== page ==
False Hope and the Re-Defining of “Cured”

At this point, some of you reading this blog may be confused by my references to conventional medicine’s dismal track record at curing cancer.You may feel compelled to say, “But I heard that most cancers, if caught early, are curable.”  This is a very common advertizing statement for cancer treatment centers and from mainstream medicine in general.  But is it true?

Unfortunately, anyone diagnosed with cancer in the western world these days is at a big disadvantage right from the start  . . .  but not because they have a challenging health condition.  The disadvantage is that there are not only two very separate worlds of cancer treatment to look into, but there is also a sinister hidden deception that can sway a person’s treatment decisions in a very dangerous way.  This deception has no face and hardly anyone knows about it.  But if you have cancer, you MUST know about it!

The words, “cure” and “cured” are common terms of health, and we all know what they mean.  They mean, in general, that a health problem has been overcome and the individual returned to his or her previous state of health.  When we want to know the “cure rate” of any particular treatment, we assume that the statistics are going by the common definition of those words.  But, wait, there has been a bait and switch.  A terrible deception hidden out of sight that goes like this:

In the conventional cancer treatment world, the word “cured” has been redefined as “alive 5 years after diagnosis.”   And this is the definition that is used for recording official cure rate statistics!

This didn’t just happen yesterday, either.  This unusual definition of has been in use and behind the statistics quoted to you by your doctor for decades!

Okay, I’m going to back up and describe this another way, just to make sure it’s clear.  Let’s say a woman is diagnosed with an aggressive breast cancer.  She submits to whatever her oncologist recommends, which involves cutting off her breast, then undergoing chemo, which makes her ache and puke.  She’s miserable and her hair falls out.  She experiences strange sores and sees her fingernails burn black.  The rounds of chemo knock back the cancer for a few months, but don’t get rid of it completely, so she is given more chemo and also some radiation treatments that burn her skin and probably damage the blood vessels to her heart.  If she does ever recover from her cancer at this point, she will have a higher likelihood of early death from a heart attack.  Unfortunately, five years and two weeks after she was diagnosed, she does die . . . full of cancer . . .  because the toxic treatments were never able to fully get rid of her disease  Unbelievably, this woman is then recorded as  CURED in the official cure rate statistics because she lived more than 5 years after she was diagnosed.  It doesn’t matter that she was still full of cancer because this is how a “cure” has been defined in conventional cancer treatment statistics!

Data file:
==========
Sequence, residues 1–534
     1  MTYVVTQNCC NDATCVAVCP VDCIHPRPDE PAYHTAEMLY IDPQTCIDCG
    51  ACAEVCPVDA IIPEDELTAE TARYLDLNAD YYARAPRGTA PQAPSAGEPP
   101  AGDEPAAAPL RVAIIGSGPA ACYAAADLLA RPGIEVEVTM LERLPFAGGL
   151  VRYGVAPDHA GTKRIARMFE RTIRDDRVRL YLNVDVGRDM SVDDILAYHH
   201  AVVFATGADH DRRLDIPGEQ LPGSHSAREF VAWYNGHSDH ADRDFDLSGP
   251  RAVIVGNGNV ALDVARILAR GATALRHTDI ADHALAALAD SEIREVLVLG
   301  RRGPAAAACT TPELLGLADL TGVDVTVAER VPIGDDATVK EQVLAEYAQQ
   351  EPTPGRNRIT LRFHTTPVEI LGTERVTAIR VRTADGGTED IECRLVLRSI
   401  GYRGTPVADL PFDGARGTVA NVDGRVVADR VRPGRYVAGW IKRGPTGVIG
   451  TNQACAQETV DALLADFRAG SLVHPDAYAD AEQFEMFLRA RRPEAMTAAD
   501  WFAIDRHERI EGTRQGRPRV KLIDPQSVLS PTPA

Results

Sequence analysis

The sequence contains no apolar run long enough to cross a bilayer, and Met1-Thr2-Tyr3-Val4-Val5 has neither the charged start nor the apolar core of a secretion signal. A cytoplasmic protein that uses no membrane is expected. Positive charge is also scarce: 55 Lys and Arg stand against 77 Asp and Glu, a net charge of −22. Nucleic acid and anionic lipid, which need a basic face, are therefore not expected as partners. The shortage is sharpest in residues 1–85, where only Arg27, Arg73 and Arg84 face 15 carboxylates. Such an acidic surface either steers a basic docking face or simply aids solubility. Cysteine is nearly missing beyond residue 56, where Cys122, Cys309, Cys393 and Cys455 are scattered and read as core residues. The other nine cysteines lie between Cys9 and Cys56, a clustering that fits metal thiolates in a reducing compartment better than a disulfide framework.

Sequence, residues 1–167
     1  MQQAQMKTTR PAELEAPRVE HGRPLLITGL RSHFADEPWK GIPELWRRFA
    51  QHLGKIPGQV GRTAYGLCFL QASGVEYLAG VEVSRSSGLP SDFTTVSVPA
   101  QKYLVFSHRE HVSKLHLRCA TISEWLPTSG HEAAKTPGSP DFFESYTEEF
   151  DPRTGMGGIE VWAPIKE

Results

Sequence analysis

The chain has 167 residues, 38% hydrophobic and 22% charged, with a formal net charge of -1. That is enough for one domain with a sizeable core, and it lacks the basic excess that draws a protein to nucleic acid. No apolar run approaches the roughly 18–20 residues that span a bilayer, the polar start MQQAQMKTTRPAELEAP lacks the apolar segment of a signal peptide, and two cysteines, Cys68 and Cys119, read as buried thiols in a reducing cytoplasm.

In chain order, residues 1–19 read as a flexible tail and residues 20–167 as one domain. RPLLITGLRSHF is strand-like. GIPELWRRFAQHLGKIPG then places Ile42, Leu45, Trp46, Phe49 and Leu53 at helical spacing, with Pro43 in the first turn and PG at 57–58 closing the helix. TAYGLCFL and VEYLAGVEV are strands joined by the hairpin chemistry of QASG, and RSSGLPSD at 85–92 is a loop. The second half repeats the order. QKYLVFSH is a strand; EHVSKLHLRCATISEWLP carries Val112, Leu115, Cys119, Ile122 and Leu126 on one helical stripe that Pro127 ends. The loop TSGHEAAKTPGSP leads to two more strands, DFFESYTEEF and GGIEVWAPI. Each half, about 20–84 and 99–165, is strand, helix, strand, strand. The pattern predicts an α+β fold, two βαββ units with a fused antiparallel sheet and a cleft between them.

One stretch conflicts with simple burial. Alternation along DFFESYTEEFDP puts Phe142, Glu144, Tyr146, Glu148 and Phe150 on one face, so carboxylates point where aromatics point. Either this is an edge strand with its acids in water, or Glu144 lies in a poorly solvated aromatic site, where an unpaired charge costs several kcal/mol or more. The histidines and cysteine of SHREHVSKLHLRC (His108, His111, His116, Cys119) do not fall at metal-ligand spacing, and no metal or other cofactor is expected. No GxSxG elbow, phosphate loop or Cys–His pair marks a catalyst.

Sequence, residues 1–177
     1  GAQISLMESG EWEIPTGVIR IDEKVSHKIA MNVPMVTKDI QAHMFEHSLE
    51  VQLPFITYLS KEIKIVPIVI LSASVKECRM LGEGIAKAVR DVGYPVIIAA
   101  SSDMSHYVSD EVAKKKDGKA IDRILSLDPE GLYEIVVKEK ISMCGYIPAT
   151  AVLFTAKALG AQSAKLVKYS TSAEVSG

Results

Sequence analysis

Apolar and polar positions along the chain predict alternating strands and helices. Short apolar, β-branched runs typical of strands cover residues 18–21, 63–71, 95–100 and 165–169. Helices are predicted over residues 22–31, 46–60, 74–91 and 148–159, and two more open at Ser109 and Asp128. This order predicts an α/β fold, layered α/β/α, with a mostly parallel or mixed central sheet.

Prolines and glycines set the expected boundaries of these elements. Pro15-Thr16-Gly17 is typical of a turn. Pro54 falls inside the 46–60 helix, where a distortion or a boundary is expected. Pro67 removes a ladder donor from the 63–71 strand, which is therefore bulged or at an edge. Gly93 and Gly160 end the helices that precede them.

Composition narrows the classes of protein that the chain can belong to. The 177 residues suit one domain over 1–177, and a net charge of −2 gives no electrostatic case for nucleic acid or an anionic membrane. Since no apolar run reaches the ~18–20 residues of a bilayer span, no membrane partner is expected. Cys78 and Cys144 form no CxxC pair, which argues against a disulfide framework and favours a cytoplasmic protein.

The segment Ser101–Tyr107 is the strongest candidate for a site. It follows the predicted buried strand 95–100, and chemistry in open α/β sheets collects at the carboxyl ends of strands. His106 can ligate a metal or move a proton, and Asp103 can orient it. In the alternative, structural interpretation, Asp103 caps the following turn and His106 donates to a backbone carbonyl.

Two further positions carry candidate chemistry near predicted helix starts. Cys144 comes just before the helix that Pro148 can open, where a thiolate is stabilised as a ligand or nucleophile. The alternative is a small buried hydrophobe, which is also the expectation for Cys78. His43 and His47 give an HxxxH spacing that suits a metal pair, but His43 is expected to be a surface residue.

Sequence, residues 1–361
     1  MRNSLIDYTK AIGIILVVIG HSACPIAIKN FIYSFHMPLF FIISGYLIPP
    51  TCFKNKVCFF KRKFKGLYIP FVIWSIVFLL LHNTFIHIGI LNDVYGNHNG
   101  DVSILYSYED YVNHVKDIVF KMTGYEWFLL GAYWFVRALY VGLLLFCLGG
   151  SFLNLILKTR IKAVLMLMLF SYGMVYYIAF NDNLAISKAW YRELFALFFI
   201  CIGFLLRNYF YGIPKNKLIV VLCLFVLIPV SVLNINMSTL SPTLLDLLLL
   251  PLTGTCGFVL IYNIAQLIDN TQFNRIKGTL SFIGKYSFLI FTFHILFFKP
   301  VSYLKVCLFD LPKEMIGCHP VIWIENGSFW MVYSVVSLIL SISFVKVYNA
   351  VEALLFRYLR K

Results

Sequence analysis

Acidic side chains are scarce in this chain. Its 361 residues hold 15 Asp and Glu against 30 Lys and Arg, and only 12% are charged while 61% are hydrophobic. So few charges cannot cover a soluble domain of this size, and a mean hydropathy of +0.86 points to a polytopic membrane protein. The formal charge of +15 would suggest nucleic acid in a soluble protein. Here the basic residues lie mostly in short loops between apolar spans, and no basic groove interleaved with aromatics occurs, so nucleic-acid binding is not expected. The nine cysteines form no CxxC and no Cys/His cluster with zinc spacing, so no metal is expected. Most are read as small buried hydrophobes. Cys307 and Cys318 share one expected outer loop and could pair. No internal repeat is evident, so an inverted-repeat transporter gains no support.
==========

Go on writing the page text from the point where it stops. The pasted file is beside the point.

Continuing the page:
The only reason mainstream medicine can make the statement, “Most cancers, if caught early, are curable,” is because the earlier any cancer is caught, the more likely the person will still be alive 5 years later!  (Even though they may be mutilated, poisoned, and still full of cancer.)

Folks, this re-defining of a term of health for statistics without telling the public is heinous and has not been done in any other field of medicine.   In other words, you are NOT listed as cured of heart disease or diabetes just because you are still alive five years after you were diagnosed!  You are NOT listed as cured of multiple sclerosis or lupus just because you are still alive five years after you were diagnosed!   It’s only in the field of conventional cancer treatment.

I’m not sure, but I believe that this way of recording may have started in a well-meaning fashion where, if a person’s cancer was in remission (no signs of disease) for five years, they were considered cured on the books.  Then, at some point, the method of recording was broadened from those in remission five years to those simply alive for five years.  This change may have initially come with the words “survival rate” attached to it.  But eventually, survival rate began to be used as an indication of cure rate, such as in the statement, “Most cancers, if caught early, are curable.”   As a way to make conventional cancer treatment methods look good, it was a brilliant move.  As a way to deceive cancer patients as to what their chances for recovery really are, it was deadly.

Please be aware and be cautious if your oncologist tells you that a particular protocol has, for instance, a 60% cure-rate.  What this means at best is that 60% of the patients given this protocol were alive 5 years after they were diagnosed.  And I say, “at best” because there are other ways conventional cure rate statistics are fudged as well.  (See Chapter 1 of Outsmart Your Cancer for an in-depth description of a total of 6 ways that cancer treatment statistics are officially fudged.)